Senate Grapples With Changes to School Food Regulations


Congressional Republicans and First Lady Michelle Obama continue to disagree on the foods served to US schoolchildren. A revision of the healthier meal standards established over the last few years and supported as a pet project of the first lady's has been agreed upon by a bipartisan Senate agreement, writes Mary Clare Jalonick for the Associated Press.

The Senate eased the requirements on whole grains and put off a deadline to decrease sodium levels in school lunch meals. While this legislation may please some schools that have criticized the regulations, which they have called oppressive, supporters hope the essence of the act remains the same. The new bill released by the Senate Agriculture Committee has eliminated the 2014 House Republican plan that would have allowed some schools to opt out of the guidelines altogether. A vote on the bill is scheduled for Wednesday.

Finally, this measure may end the two years of controversy between public school lunch directors, congressional Republicans, and the first lady, who initiated the program as part of her campaign against childhood obesity.

But New Jersey Gov. Chris Christie, who is also a GOP presidential candidate, has been open about his disapproval of the first lady's involvement in the school lunch debate. He says this is another example of the Obamas thinking they have better answers for everything than American private citizens do.

If schools accept federal reimbursements for free and reduced-price meals for low-income students, they are required to follow the nutrition rules prescribed by the government. The new standards, however, are stricter and, according to some schools, unfeasible.

Those negotiating the bill have agreed that the stringent sodium standards would be delayed past the original deadline of 2017 by two years. Health groups are applauding the compromise because the move has been delayed but not eliminated. The School Nutrition Association (SNA), the National School Boards Association, and the School Superintendents Association have asked that sodium levels remain the same as they are currently.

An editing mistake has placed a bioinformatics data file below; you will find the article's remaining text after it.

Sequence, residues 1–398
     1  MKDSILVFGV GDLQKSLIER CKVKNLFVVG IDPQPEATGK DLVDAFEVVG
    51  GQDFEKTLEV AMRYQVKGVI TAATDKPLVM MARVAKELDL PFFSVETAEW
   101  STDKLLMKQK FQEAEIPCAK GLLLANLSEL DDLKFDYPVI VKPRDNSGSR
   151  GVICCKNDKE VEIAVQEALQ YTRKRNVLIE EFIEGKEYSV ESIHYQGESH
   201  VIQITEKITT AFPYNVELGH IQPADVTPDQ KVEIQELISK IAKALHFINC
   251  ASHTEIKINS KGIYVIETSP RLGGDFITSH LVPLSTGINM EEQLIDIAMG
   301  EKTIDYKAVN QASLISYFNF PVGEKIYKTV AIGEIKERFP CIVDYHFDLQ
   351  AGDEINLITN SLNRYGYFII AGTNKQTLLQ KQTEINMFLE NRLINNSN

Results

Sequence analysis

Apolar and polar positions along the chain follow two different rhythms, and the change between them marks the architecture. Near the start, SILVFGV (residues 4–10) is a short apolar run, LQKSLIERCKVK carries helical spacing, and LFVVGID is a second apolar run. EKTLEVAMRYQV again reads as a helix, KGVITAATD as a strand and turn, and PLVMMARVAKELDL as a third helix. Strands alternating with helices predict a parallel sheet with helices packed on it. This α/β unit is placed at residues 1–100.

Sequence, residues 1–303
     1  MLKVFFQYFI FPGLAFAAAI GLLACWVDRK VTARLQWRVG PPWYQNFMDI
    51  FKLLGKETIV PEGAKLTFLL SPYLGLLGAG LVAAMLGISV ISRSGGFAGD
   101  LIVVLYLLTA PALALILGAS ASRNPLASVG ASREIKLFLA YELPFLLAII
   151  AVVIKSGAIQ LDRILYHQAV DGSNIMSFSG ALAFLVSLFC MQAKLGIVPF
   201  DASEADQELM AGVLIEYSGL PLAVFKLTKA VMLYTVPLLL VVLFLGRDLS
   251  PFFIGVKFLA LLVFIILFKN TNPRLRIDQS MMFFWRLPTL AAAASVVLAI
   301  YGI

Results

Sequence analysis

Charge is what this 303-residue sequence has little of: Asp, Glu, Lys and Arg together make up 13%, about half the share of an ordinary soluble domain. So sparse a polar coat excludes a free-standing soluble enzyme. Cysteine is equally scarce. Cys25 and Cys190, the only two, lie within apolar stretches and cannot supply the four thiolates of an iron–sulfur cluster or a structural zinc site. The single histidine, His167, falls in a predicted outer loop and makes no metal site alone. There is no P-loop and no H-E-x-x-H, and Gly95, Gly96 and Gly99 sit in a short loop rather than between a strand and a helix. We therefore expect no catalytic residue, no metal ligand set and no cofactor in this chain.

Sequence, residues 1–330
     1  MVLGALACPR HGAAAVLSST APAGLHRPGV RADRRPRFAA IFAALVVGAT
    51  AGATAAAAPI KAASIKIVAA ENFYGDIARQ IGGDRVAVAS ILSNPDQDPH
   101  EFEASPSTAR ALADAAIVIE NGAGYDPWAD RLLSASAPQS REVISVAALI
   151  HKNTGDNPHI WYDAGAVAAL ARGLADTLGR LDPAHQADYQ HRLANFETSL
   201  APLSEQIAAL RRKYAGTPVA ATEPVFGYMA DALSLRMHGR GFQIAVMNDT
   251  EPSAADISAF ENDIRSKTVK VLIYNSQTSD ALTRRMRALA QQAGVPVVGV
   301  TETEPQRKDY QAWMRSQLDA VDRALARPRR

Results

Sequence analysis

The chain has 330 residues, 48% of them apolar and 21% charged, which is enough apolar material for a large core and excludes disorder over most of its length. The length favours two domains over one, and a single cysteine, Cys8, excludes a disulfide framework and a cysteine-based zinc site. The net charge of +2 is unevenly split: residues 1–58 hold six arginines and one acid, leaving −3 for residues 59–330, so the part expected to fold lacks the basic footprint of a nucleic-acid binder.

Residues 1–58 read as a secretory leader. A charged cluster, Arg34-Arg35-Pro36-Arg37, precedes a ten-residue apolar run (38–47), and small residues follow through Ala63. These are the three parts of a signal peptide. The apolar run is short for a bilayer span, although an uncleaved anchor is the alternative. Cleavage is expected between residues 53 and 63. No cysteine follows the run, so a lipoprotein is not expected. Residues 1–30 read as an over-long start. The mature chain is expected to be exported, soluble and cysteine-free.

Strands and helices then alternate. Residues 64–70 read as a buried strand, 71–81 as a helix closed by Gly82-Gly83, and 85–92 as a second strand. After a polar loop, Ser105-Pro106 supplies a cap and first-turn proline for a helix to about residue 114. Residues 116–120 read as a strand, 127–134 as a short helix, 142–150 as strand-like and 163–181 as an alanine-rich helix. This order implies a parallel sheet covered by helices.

They explained that the rules have caused a reduction in school meal sales since they went into effect in 2010, reports The Hill's Lydia Wheeler. Students have been throwing meals away more frequently, they added.

The five-year bill would make significant changes to the first lady's contentious healthy school meals measure. The problem, says Eric Owens of The Daily Caller, is that American kids do not like whole grain pasta, and Southwestern children do not appreciate whole grain tortillas. The revised bill must find a way to stop the relentless waste that results from students tossing their fruits and vegetables in the trash can.

"In the absence of increased funding, this agreement eases operational challenges and provides school meal programs critical flexibility to help them plan healthy school meals that appeal to students," School Nutrition Association president Jean Ronnei said, according to the Associated Press.

Sen. John Hoeven (R-N.D.), a member of the Senate Agriculture Committee, said:

"The standards we've agreed on make sure that our schools can serve healthy and nutritious meals that students like, while also making their budgets. This is all about providing both good nutrition and flexibility."

An Agweek Wire Report explains that a la carte Smart Snacks in School regulations, begun in 2014, limited the items sold in cafeteria a la carte lines. This meant that foods like low-fat, whole grain pizza and hummus were prohibited. Students were given fewer healthy choices in cafeterias and schools took in less revenue, making it difficult to balance the higher costs of the new regulations. The new agreement will appoint a group to work out these kinks and come up with allowable nutritious food exemptions for a la carte lines.

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